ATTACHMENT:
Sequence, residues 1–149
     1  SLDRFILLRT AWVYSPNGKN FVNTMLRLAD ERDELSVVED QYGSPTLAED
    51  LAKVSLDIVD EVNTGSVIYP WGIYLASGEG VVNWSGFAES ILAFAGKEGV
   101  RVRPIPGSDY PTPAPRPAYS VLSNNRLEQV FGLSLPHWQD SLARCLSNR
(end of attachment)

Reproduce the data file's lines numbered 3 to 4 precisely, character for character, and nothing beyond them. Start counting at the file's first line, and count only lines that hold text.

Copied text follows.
    51  LAKVSLDIVD EVNTGSVIYP WGIYLASGEG VVNWSGFAES ILAFAGKEGV
   101  RVRPIPGSDY PTPAPRPAYS VLSNNRLEQV FGLSLPHWQD SLARCLSNR